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Sean Wright
January 4th, 2006, 02:28 PM
I know SFF World's very own Gary Wassner meditates regularly. And as any fan of Stars Wars will testify, Master Yoda looks good on it, doesn't he? Did you see him strutting his stuff in Revenge of the Sith? Man, he's one hell of a pliable guy. But seriously, I've been meditating now for almost thirty years. My wife claims I'm always in a state of meditation when I get hooked up to this keyboard, as she tries to communiate but I've left the planet! Or does she claim I'm a zombie? If only I were listening. Anyway, is there anyone out there who also meditates, and does it help you write? Or do you think meditation's a load of New Age, airy fairy, willy-nilly, namby-pamby, headtripping nonsense?

Dawnstorm
January 4th, 2006, 07:18 PM
Lying in the bathe-tub with the lights out helps. That's as close as I get to meditation.

When I read the title ("mediation" outside), I wondered what I would need a mediator for, when writing.

JWREmmett
January 4th, 2006, 08:25 PM
I would avoid writing explicit philosophy. Tolkien avoided that trap.

Sean Wright
January 5th, 2006, 01:18 AM
Lying in the bathe-tub with the lights out helps. That's as close as I get to meditation.

When I read the title ("mediation" outside), I wondered what I would need a mediator for, when writing.

I noticed the typo, tried to change it in the title, but alas it's remained the same. Is there any kind mod out there with the power to erase some not needed mediation for some meditation? :)

kater
January 5th, 2006, 07:29 AM
Consider your happy place restored :D

franjacobs
January 5th, 2006, 07:43 AM
i never mediate, or relax generally. i get bored too quickly! i imagine it helps, if you find it helps, but doesn't if it doesn't! like most things really. i think my stuff is fairly imagintive (but then i would say that)

for me i think rading a lot can help, reading widely can give you ideas, (not neccessarily stolen ideas, but taking an idea someone didn't fully develop and fleshing it otu) or travelling,t aht helps me. but then i get my ideas from all over, i don't have one source for my imagination. so i dont' know really.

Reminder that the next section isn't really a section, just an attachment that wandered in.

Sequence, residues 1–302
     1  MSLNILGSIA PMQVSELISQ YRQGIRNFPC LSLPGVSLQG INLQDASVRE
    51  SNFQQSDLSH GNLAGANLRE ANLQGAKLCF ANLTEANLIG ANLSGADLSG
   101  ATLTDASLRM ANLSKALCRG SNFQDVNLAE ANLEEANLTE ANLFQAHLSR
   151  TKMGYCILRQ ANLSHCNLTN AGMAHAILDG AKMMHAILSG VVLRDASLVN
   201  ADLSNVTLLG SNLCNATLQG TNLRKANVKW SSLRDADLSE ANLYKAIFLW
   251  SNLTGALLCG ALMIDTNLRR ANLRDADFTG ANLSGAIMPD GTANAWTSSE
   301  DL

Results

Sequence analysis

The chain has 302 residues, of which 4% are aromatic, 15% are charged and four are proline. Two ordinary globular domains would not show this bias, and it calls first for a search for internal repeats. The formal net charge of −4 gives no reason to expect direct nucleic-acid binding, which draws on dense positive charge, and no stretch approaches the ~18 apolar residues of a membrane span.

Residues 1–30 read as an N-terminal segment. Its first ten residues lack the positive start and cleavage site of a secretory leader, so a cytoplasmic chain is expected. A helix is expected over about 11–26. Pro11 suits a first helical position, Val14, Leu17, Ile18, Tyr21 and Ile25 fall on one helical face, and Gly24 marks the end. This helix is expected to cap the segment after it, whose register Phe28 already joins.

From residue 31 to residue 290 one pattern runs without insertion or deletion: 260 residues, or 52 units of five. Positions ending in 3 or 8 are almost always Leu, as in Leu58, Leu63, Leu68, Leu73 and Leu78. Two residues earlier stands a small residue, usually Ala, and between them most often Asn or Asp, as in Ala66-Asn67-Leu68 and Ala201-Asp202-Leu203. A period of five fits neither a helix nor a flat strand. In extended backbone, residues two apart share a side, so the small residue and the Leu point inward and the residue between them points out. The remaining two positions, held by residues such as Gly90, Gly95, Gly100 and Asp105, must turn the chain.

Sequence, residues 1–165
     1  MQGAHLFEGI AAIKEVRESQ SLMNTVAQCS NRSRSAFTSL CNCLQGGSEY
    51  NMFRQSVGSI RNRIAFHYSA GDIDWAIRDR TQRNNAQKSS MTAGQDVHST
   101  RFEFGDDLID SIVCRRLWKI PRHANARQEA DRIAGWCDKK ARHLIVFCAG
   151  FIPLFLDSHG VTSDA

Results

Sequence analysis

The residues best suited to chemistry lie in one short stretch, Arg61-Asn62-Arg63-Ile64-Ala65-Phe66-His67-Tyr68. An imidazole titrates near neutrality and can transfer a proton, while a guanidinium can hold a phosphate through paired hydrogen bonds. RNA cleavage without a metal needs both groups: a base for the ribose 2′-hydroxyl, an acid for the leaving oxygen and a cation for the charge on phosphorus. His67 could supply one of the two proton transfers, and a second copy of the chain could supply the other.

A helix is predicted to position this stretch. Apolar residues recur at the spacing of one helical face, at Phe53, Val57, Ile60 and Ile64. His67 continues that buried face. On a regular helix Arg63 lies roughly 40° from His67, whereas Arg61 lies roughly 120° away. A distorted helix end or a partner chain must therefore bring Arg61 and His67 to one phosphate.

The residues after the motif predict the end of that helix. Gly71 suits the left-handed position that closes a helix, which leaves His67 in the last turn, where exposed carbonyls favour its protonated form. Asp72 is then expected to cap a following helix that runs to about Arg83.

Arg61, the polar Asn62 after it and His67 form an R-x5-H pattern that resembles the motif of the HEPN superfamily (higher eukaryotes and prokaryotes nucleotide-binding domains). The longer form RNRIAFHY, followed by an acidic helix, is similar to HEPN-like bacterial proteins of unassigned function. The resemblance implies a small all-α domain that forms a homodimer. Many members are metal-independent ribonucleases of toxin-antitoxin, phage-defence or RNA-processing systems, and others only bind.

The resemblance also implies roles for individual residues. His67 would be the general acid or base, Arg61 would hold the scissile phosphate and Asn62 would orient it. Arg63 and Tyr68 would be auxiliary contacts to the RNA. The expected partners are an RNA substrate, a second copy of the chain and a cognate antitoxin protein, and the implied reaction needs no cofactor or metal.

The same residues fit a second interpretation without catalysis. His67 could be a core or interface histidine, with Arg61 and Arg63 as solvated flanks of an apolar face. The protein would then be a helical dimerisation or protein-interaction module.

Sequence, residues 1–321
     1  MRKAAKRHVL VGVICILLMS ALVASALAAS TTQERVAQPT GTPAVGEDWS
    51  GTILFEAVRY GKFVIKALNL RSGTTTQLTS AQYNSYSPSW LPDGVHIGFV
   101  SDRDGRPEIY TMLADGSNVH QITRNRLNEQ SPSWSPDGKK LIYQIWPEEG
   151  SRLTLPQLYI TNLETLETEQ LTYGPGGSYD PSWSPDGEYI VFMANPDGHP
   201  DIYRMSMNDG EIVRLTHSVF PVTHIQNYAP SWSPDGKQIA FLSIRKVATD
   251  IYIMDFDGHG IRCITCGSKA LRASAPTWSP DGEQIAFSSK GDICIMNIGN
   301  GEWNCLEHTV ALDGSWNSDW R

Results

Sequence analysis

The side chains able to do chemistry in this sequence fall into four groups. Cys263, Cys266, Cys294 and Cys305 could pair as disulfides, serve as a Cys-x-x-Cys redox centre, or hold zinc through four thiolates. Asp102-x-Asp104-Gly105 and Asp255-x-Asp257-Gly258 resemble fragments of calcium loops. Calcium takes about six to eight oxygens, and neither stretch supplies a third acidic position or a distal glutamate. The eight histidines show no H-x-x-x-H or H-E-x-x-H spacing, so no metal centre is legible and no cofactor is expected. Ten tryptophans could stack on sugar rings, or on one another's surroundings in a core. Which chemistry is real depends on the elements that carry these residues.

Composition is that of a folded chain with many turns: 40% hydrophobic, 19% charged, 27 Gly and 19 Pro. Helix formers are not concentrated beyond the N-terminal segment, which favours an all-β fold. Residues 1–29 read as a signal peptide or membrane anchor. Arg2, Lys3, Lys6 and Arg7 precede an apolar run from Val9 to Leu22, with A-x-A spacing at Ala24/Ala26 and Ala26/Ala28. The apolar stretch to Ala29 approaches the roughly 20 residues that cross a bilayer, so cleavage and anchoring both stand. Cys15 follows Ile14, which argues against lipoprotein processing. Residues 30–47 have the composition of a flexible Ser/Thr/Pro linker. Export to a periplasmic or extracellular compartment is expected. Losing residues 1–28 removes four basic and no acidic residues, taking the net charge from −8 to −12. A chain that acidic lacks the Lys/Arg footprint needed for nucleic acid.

dvdrom
January 5th, 2006, 11:22 AM
There's one thing I wouldn't do. And that is to write spiritual/religious, political or philosophical topics into my story on purpose. Because even if you're right--and that's hard enough--you spoil it for those who disagree. Tolkien avoided that trap; many don't.

I beg to differ JWRE. Tolkien's text is very much a religious-ladened text, isn't it. Was the man on some kind of religious crusade - just like his other Inkling buddy, CS Lewis?

Holbrook
January 5th, 2006, 12:19 PM
Nope, don't.

I have found doing mind numbing, boring jobs helps me work through sections of work I am either having problems with, or working out the dialogue. The latter also makes me look as if I am talking to myself :eek:

Long car journeys are good for day dreaming through possible ideas (well only when a passenger ;) )

In fact you could say I just day dream a lot.

KatG
January 5th, 2006, 01:13 PM
I have over the years tried various types of meditation and each time, I tend to just get sleepy. Which means it's useful for helping me go to sleep. It's suppose to have wonderful mental and physical effects, but you have to do it an awful lot. :) I would love the concentration benefits, since I never seem to be allowed to concentrate on anything for more than ten minutes at a time.

KatG
January 5th, 2006, 01:18 PM
I beg to differ JWRE. Tolkien's text is very much a religious-ladened text, isn't it. Was the man on some kind of religious crusade - just like his other Inkling buddy, CS Lewis?


Neither Tolkein nor Lewis were particularly religious in their fiction writings, is my understanding. Lewis wanted above all to do a fun, good tale for kids, since he felt children's fiction had poor pickings. His reputation as a writer on Christian issues came mostly from his non-fiction letters and essays. Tolkein was much more interested in the development of myth and language -- his area of academics -- and borrowed elements from Celtic, Norse, Russian, German and other cultures for LOTR. He first wrote "The Hobbit" as a children's adventure story. LOTR was suppose to be a sequel to that, but ended up being a massive, adult fantasy story instead. It was a project to which he was devoted but not by any accounts a religious crusade of any sort.